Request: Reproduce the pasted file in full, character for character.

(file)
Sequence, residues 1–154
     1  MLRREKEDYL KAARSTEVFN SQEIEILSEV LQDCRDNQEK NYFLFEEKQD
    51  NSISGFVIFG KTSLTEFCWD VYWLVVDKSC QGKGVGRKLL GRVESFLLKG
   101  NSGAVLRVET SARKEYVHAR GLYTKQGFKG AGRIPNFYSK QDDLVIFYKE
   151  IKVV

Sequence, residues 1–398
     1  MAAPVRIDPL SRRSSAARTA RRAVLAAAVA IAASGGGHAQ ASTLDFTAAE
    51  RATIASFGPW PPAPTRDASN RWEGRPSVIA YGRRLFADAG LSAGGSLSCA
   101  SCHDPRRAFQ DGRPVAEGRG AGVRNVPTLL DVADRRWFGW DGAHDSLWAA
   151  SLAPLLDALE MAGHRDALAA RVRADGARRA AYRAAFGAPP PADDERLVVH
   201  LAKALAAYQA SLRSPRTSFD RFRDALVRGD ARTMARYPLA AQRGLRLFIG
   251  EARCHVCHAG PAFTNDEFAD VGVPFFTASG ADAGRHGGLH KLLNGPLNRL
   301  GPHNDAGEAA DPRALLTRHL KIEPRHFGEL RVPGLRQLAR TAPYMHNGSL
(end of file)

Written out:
Sequence, residues 1–154
     1  MLRREKEDYL KAARSTEVFN SQEIEILSEV LQDCRDNQEK NYFLFEEKQD
    51  NSISGFVIFG KTSLTEFCWD VYWLVVDKSC QGKGVGRKLL GRVESFLLKG
   101  NSGAVLRVET SARKEYVHAR GLYTKQGFKG AGRIPNFYSK QDDLVIFYKE
   151  IKVV

Sequence, residues 1–398
     1  MAAPVRIDPL SRRSSAARTA RRAVLAAAVA IAASGGGHAQ ASTLDFTAAE
    51  RATIASFGPW PPAPTRDASN RWEGRPSVIA YGRRLFADAG LSAGGSLSCA
   101  SCHDPRRAFQ DGRPVAEGRG AGVRNVPTLL DVADRRWFGW DGAHDSLWAA
   151  SLAPLLDALE MAGHRDALAA RVRADGARRA AYRAAFGAPP PADDERLVVH
   201  LAKALAAYQA SLRSPRTSFD RFRDALVRGD ARTMARYPLA AQRGLRLFIG
   251  EARCHVCHAG PAFTNDEFAD VGVPFFTASG ADAGRHGGLH KLLNGPLNRL
   301  GPHNDAGEAA DPRALLTRHL KIEPRHFGEL RVPGLRQLAR TAPYMHNGSL